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If current trends continue, Donald Trump will clinch the nomination — but not until June

If the current trends in the GOP primary race were to continue, Donald Trump would win a majority of delegates and clinch the nomination — but not until the very last day of primary voting in June.

That's the projection from a new model built for Vox by Josh Putnam — an expert on the primary process, a lecturer at the University of Georgia, and proprietor of the Frontloading HQ blog.

Our projection shows Trump on track to finish with 1,279 delegates in the state races we've chosen to include. However, our variables also indicate he's likely to win at least 100 more from contests we've chosen to exclude from the model due to the complexity of their rules. So he has a bit of room to spare in this scenario.

Now, consider our model a ballpark projection of how the race would look if what's happened so far keeps happening in the states still to vote. It's a starting point for analysis, not an endpoint. We'll update and tweak these projections in the coming weeks, and incorporate the results of newer contests.

And let's be clear — this is not a model that means to predict anything going forward, especially individual states. For instance, the model doesn't know or care that Ohio is Kasich's home state, something that could give him a much better shot to win there Tuesday (we have Trump winning). And it doesn't try to account for how the race could change going forward. For instance, if Rubio drops out of the race, we don't know whether Trump, Cruz, or Kasich would get the biggest boost, so we've chosen not to speculate about that.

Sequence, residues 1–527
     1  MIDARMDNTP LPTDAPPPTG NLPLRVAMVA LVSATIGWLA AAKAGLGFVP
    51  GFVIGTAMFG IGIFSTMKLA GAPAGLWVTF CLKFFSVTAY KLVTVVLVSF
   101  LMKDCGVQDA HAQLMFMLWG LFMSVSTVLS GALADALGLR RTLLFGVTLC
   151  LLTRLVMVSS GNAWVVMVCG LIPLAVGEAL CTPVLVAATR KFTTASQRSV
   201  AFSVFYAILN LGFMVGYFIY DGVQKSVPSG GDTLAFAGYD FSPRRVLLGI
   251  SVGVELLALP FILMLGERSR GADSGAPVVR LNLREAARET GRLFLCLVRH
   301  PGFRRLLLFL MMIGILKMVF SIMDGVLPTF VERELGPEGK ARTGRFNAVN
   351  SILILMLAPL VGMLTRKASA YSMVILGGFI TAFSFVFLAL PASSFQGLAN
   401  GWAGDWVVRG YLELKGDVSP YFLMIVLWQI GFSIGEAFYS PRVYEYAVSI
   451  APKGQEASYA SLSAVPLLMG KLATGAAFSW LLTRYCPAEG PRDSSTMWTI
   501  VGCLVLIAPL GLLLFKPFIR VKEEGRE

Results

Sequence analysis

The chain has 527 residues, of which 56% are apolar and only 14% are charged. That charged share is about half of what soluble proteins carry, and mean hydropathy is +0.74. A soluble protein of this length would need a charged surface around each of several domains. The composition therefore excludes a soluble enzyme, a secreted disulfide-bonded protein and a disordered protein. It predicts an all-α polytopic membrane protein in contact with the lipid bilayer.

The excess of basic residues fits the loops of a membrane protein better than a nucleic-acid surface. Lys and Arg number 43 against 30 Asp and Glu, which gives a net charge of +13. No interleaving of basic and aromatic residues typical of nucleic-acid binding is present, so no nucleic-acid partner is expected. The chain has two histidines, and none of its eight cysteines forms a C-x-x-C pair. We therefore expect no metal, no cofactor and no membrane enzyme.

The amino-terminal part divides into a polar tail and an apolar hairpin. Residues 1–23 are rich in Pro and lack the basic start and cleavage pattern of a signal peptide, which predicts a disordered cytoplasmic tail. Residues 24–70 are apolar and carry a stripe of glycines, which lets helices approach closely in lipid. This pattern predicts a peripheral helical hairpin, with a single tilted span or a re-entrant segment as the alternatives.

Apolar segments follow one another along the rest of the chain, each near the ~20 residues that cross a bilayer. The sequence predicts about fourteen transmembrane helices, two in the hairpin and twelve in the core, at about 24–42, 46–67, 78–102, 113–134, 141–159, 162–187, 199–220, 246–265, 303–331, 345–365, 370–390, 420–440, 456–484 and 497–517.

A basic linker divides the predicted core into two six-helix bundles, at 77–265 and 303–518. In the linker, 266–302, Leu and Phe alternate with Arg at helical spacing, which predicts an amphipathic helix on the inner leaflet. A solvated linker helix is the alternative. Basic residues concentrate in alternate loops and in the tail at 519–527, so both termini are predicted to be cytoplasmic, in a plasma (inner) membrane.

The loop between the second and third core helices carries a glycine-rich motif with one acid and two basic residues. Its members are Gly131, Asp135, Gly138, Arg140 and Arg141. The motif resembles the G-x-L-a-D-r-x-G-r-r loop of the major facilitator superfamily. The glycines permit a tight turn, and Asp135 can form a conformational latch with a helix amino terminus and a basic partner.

Methodology

To come up with our projections, we looked backward to see what factors best predicted the GOP candidates' success in states so far. Putnam gathered the data and ran the numbers for several different demographic and political variables. But in his analysis, a relatively simple combination of just three seemed to work best:

  1. Nonwhite population: As others have observed, Trump performs better among Republican primary electorates in less white states. Since those Republican electorates are still overwhelmingly white, this appears to be a racially tinged reaction or backlash effect in regions like the Northeast and the South that doesn't exist in many of the heavily white Midwestern states that have voted so far. Putnam found that Ted Cruz, too, does unusually well in these districts (and Rubio unusually poorly).
  2. Obama-voting states and districts: We looked at Charlie Cook's Partisan Voting Index (PVI), which compares how a state or district's vote in the past two presidential elections differed from the national average. Putnam noticed that John Kasich in particular did better in areas where Obama did better.
  3. The Interior West: So far this year, Ted Cruz has performed best (and Trump has appeared to stumble) in states like Iowa, Kansas, Oklahoma, and Idaho. So Putnam came up with a regional "dummy variable" that separates out states that are west of the Mississippi but not on the West Coast or along the border with Mexico. This is, admittedly, fairly arbitrary and we'll see how it holds up later on (for instance, in Missouri today), but this variable does a good job accounting for results so far.